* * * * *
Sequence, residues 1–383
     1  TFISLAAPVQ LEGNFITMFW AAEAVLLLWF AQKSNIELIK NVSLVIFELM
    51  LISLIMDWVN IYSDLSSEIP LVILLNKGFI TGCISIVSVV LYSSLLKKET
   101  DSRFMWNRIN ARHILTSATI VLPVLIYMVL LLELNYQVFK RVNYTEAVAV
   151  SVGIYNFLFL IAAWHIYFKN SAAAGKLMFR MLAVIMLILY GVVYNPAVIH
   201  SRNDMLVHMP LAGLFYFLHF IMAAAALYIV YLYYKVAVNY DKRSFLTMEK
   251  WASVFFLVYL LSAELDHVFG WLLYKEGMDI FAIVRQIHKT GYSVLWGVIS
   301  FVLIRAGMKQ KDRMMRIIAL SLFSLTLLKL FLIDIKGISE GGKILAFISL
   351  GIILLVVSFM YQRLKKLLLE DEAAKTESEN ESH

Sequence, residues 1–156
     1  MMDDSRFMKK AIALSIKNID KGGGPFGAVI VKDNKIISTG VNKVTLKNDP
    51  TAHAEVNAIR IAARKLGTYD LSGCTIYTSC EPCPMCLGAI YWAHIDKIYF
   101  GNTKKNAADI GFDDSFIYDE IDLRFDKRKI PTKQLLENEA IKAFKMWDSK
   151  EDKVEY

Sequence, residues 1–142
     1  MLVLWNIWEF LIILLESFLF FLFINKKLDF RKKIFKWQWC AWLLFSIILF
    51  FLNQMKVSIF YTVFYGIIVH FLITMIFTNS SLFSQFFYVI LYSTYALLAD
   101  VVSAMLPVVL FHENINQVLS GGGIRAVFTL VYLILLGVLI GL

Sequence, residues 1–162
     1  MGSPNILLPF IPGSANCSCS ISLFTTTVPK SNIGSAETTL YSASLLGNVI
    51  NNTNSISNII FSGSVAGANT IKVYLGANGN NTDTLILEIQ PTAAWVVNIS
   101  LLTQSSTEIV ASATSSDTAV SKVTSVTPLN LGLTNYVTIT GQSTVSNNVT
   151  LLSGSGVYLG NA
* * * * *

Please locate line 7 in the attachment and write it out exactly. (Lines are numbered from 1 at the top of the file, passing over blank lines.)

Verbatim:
   251  WASVFFLVYL LSAELDHVFG WLLYKEGMDI FAIVRQIHKT GYSVLWGVIS